Smithsonian Snapshot: Lunar Command Module

Apollo 11 Command Module "Columbia"; photo courtesy Smithsonian Institution

Forty-two years ago today, Neil Armstrong became the first human to set foot on the Earth’s moon. Today’s Smithsonian Snapshot takes a look at the Columbia, the lunar command module for the first manned lunar landing mission. (The first Space Shuttle was named after this module.)

On July 16, 1969, Neil Armstrong, Edwin “Buzz” Aldrin and Michael Collins were launched from Cape Kennedy atop a Saturn V rocket. The Columbia was the living quarters for the three-person crew during most of the mission in July 1969. This Command Module, no. 107, manufactured by North American Rockwell, was one of three parts of the complete Apollo spacecraft. The other two parts were the Service Module and the Lunar Module, nicknamed “Eagle.” The Service Module contained the main spacecraft propulsion system and consumables while the Lunar Module was the two-person craft used by Armstrong and Aldrin to descend to the Moon’s surface on July 20.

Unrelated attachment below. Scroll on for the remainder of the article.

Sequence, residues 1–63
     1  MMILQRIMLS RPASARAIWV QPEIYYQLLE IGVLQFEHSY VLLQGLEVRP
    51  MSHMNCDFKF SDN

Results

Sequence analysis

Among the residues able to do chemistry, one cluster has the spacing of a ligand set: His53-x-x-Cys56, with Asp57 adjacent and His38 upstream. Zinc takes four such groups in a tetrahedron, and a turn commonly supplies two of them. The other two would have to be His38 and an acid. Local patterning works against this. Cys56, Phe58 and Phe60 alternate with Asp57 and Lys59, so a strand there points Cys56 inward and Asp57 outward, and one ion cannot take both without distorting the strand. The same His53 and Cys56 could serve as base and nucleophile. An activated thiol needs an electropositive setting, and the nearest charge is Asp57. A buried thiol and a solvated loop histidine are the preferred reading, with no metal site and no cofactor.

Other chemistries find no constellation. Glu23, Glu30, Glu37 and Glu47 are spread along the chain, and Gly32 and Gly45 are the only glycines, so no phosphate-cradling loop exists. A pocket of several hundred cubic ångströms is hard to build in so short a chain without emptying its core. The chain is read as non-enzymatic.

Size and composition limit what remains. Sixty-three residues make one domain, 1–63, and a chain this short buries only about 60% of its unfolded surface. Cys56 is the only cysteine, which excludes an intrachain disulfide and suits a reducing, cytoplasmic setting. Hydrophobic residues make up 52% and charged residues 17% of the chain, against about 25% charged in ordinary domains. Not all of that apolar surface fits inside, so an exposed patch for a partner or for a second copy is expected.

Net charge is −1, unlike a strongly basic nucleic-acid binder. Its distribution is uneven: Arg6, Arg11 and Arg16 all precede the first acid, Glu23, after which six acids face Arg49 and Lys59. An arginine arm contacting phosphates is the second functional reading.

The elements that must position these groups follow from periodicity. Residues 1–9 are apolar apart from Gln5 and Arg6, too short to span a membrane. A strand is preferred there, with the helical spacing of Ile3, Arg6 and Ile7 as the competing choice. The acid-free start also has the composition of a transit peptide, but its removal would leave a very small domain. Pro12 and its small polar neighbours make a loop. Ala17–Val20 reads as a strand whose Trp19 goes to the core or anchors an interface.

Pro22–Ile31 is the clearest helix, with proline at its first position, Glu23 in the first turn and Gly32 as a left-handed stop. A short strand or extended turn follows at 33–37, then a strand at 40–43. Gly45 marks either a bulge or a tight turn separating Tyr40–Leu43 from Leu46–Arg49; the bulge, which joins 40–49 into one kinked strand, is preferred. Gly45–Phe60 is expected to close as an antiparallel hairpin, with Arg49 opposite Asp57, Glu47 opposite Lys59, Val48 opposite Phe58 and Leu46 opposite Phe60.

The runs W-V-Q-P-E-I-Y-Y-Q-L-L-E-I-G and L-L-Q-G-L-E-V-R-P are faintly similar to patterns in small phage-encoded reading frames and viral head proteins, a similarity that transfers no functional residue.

The Columbia is the only portion of the spacecraft to return to Earth. It was transferred to the Smithsonian in 1970 following a NASA-sponsored tour of American cities and can be found as one of the primary exhibits at the Smithsonian’s National Air and Space Museum.

Having lived in the DC area for ten years, Ben still loves to wander the city with his wife, shooting lots of photos and exploring all the latest exhibits and galleries. A certified hockey fanatic, he spends some time debating the Washington Capitals club with friends – but everyone knows of his three decade love affair with the Pittsburgh Penguins.

A professional writer, gamer, photographer, and Lego enthusiast, Ben remains captivated by DC and doesn’t plan on leaving any time soon.

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